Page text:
Researchers explore real-world deployment of connected medical devices

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ZingBox researchers detected, identified and analyzed the behavior of medical devices deployed in more than 50 hospitals, clinics, and other healthcare locations.

connected medical devices

Researchers looked at a wide range of medical devices, from infusion pumps and patient monitors to imaging systems and medical device gateways, highlighting vulnerabilities in hospital networks and shedding light on the causes of common security events.

Over the course of 2017, ZingBox analyzed tens of thousands of devices resulting in security issues covering vulnerabilities from user issues to outdated software. This data provides an unprecedented view into the makeup of a connected healthcare ecosystem and the common vulnerabilities introduced by IoT medical devices.

“Many organizations don’t have a clear picture of the vulnerabilities on their networks — or even what devices are connected on those networks,” said Xu Zou, CEO at ZingBox.

Most common security risks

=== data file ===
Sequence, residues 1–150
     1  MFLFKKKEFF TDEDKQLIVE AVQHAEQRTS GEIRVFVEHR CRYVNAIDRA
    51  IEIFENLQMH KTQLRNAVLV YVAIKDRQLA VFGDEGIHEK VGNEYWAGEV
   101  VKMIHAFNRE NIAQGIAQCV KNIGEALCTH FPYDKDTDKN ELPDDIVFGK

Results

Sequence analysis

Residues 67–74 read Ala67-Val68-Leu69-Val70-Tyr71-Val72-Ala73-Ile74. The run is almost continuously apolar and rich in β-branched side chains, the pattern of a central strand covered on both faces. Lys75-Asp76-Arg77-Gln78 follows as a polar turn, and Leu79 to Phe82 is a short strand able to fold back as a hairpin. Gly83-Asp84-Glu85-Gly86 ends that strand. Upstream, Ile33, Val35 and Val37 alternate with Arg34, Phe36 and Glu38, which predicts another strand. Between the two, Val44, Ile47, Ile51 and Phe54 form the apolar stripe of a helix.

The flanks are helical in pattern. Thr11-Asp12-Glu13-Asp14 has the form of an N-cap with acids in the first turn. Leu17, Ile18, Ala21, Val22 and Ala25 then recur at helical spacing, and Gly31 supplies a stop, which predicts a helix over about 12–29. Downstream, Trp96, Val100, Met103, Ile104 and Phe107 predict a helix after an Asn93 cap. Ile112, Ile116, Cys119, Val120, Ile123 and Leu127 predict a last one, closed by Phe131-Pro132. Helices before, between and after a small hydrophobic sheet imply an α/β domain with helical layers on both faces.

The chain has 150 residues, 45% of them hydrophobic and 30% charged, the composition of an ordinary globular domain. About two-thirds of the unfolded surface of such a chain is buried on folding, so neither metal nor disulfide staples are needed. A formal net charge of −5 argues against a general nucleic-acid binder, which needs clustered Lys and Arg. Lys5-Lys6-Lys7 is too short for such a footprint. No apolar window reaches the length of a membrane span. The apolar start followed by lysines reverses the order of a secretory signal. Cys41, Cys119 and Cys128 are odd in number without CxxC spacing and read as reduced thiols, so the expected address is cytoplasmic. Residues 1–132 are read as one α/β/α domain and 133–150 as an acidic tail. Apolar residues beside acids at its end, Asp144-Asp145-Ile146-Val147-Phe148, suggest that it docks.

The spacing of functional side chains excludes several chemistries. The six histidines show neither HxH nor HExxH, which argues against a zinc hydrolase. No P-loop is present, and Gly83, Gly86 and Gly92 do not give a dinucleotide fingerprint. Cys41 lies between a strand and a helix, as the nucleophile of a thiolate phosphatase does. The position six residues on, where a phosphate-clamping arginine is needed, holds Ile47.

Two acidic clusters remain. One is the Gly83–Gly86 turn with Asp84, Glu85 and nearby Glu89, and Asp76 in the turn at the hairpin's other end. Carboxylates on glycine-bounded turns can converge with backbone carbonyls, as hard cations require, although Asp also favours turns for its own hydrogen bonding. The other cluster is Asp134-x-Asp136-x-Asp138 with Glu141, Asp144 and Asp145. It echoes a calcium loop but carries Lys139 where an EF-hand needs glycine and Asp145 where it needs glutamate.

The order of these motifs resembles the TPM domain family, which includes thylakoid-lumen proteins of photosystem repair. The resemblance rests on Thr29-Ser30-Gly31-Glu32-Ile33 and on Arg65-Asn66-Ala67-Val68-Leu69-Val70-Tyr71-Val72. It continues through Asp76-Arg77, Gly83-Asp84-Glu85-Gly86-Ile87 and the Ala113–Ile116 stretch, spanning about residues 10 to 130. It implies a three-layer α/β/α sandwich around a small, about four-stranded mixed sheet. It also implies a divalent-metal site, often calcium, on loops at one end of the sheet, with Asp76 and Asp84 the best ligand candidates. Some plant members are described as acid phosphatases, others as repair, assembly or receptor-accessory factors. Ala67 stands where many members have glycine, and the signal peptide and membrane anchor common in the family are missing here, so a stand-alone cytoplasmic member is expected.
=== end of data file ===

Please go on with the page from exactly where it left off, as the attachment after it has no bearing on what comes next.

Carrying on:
The most common types of security risks were found to originate from user practice issues (e.g., using embedded browsers on medical workstations to surf the web, conduct online chat or download content), accounting for 41 percent of all security issues.

This was followed by outdated OS or software such as the use of legacy Windows OS, obsolete applications and unpatched firmware. These issues account for 33 percent or one-third of all security risks found on connected medical devices.

Infusion pumps are the most widely deployed connected medical devices but are not the leading cause of security issues. Imaging systems rank number one as it is the source for 51 percent of all security issues.

“It is interesting to point out that while infusion pumps make up nearly 50 percent of connected devices in hospitals, they don’t represent the largest cyberattack surface,” added Zou. “Security issues relating to infusion pumps were only at two percent. However, attention to protecting these devices should still be a priority since a successful attack on a single infusion pump could result in disabling the bulk of all infusion pumps through lateral movement and infection.”

connected medical devices

Additional findings

  • Medical devices make up less than a quarter of all devices found in dedicated medical networks
  • 43 percent of devices in networks dedicated for medical devices consist of PCs
  • Use of unauthorized applications (22 percent) and browsers (18 percent) make up the bulk of user practice issues and are the leading security issues for connected medical devices.

“As we continue to gain more knowledge about how attacks enter our systems, we can better arm our staff and networks to prevent these dangerous events,” said Zou.

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